15. Christian Cullen (39) - The champion All Black has maintained a high profile with his television commentary for Sky. He is an avid golfer and maintains a large property portfolio. His last game for Wellington was the 2003 NPC final where he scored two tries against Auckland. He scored 164 tries in 233 first-class games.
14. Brad Fleming (38) - Ironically, his first-class career started with Canterbury, and he was a foundation Crusader in 1996. The Māori All Black was best known as a sevens player representing the All Blacks Sevens in 35 tournaments and winning a gold medal at the 2002 Manchester Commonwealth Games. He had a lengthy career as a PE teacher and sports coordinator at Wakatipu High School and Tauranga Boys’ College before joining Big Buddy as a mentoring manager. Fleming briefly coached the Bay of Plenty women’s team.
13. Tana Umaga (100) - Won the Kel Tremain Trophy as the best player in the country in 2000. Umaga would go on to become a highly regarded All Black captain and brought up a century of appearances for Wellington in a 37-7 win over Manawatū in 2007. After a period in France, he returned to New Zealand and finished his career with Counties and the Chiefs. He has since transitioned into coaching with the Blues. In 2022 he earned a silver medal as a brown belt at a Jujutsu World Masters competition.
12. Jason O'Halloran (96) - Played all 13 matches in the 2000 season, his long term consistency finally rewarded in 2000 when he played his only All Blacks Test in a 56-19 win against Italy in Rome. His try in the final was his 35th and last for the Lions. For almost two decades he has been a successful coach with Manawatū, Glasgow Warriors, and Suntory Goliath in Japan.
11. Jonah Lomu (21) - Underwent a kidney transplant in 2004 and then attempted a brave comeback which ended in retirement in 2007. He scored 126 tries in 203 first-class games. Released an autobiography in 2013 and remained in demand everywhere he went. He died unexpectedly on 18 November 2015 after suffering a heart attack associated with his kidney condition. He is buried in Manukau Memorial Gardens beside fellow rugby legends Dylan Mika and Peter Fatialofa.
10. David Howell (61) - Played a record 270 first-class games (passed by Ash Dixon in 2021) without becoming an All Black. Durable and dependable he scored 2,201 first-class points, 615 of those for Wellington including 32 goals from 37 attempts in 2000. Today he is farming in Whangārei.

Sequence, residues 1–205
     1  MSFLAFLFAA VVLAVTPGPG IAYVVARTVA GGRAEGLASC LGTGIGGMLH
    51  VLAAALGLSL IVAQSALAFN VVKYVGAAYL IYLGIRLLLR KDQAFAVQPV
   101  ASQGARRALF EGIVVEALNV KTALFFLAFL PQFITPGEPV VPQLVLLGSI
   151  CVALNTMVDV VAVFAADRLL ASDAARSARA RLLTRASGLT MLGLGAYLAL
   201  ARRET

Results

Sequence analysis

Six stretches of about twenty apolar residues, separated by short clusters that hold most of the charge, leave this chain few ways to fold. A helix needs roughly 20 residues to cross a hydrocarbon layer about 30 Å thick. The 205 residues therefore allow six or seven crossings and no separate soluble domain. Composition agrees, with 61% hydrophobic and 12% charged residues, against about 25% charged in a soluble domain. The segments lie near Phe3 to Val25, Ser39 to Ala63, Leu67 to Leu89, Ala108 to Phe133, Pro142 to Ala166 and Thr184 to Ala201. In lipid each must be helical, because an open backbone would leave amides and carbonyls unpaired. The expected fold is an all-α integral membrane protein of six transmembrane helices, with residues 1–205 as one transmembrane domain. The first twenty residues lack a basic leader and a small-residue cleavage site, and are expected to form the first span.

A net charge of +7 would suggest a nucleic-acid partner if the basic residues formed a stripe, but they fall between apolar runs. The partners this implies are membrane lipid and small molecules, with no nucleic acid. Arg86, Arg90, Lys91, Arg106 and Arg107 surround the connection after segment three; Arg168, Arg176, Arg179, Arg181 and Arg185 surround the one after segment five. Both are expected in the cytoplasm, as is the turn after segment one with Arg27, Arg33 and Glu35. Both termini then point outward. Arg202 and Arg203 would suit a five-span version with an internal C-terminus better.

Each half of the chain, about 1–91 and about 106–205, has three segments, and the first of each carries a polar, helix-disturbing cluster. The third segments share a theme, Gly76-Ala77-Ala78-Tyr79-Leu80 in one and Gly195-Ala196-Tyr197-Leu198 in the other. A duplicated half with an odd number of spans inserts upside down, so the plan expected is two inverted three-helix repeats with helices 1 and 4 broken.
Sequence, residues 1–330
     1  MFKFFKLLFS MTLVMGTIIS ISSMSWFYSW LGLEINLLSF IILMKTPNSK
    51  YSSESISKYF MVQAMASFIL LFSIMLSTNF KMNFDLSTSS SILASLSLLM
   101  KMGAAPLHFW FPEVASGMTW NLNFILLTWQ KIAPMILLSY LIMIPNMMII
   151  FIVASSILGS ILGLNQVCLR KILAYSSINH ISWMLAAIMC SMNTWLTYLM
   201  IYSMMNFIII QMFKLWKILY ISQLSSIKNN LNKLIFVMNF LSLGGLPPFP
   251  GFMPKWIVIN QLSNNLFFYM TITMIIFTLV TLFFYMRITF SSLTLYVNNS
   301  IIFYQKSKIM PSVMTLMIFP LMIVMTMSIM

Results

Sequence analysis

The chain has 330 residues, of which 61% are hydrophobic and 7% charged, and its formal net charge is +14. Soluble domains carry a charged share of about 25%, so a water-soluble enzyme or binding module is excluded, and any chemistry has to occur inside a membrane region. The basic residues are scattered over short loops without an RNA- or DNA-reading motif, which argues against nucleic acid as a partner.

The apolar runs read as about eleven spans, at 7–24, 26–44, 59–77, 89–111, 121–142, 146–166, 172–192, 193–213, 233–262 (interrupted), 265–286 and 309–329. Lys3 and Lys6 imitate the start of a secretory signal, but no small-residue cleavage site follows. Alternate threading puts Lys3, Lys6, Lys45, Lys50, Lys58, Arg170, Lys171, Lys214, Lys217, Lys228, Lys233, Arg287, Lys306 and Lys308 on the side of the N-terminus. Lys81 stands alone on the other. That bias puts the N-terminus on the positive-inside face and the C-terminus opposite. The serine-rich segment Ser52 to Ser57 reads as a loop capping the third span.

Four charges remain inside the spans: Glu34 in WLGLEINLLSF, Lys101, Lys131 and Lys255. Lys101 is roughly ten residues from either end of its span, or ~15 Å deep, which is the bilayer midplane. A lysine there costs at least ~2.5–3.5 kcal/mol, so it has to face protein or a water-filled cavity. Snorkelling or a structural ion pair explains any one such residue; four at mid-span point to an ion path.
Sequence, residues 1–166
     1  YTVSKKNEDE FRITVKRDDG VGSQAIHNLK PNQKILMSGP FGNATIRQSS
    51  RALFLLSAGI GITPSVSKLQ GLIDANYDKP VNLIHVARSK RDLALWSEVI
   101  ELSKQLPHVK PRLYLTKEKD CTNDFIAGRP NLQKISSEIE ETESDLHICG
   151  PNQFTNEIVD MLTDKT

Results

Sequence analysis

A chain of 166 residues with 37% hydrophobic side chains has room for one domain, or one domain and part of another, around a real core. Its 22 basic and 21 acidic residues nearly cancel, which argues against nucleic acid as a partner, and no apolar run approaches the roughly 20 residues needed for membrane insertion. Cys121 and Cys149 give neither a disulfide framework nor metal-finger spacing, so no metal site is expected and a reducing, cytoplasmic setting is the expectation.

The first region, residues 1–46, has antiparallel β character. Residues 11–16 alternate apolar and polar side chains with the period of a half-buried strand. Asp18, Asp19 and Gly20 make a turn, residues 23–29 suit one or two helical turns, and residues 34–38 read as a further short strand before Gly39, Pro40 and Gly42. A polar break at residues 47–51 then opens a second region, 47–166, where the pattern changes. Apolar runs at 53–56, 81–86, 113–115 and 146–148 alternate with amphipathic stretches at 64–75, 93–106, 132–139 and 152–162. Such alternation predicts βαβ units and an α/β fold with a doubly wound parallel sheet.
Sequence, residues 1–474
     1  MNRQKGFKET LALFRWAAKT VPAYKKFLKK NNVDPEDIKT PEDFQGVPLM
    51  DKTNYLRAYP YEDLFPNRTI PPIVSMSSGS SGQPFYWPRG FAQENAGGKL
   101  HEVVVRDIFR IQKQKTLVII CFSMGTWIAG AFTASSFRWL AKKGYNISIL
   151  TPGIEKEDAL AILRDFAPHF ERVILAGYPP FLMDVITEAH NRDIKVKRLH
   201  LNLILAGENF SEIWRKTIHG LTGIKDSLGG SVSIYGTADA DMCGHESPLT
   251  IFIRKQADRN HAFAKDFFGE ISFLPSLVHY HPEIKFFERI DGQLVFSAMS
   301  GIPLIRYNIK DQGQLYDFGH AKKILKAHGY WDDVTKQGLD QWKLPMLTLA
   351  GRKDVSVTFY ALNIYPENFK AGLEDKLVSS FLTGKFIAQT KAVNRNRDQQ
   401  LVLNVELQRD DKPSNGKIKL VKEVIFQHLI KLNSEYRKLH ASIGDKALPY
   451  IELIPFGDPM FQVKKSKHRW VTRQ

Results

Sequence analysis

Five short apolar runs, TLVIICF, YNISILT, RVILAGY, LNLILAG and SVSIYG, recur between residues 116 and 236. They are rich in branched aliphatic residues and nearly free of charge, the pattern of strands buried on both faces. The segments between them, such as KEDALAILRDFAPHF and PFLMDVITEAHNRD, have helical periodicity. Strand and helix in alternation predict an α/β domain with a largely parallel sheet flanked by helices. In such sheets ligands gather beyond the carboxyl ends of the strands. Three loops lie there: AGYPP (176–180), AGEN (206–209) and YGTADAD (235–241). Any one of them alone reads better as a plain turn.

9. Jason Spice (63) - Made the All Blacks in 2001 sitting on the bench but not making it onto the field in a Test against Argentina in Buenos Aires. The All Blacks won 24-20 following a last-play Scott Robertson try. Spice has been a long-time teacher at Tauranga Boys’ College. All Black Aidan Ross identified Spice as a key mentor.
8. Jerry Collins (47) - Was only nineteen when he debuted in 1999 and continued to enhance his growing reputation with eight strong displays in 2000. Collins went on to captain the All Blacks and featured in 85 games for the Hurricanes. Following spells in Wales, France, and Japan he tragically died in a car crash on June 5, 2015, in France aged 34. Porirua Park was renamed Jerry Collins Stadium in 2016.
7. Kupu Vanisi (45) - The Tongan born flanker moved to Dunedin and played 36 games for Otago between 1994 and 1997. In 1998 he shifted to the capital, a year later making the All Blacks in their 22-11 win over New Zealand A in Albany. Vanisi retired in 2003 and resides on the Kapiti Coast where he has worked in construction and enjoys hunting. His wife is a dentist. In 2020 his son Keanu Vanisi was part of the Kings’ High School First XV that beat Otago Boys’ High School at Littlebourne. It was their first victory at the venue since 1999.
6. Rodney So’oialo (64) - The 2000 season was the first for So’oialo. He played eight games replacing injured All Black Filo Tiatia. He would become one of New Zealand’s premier loose forwards making 101 appearances for the Hurricanes and playing 62 Tests for the All Blacks, including a handful as captain. He coached Petone, Tawa, the Honda Heat in Japan and is now the director of rugby and head coach at Trinity College Kandy, Sri Lanka.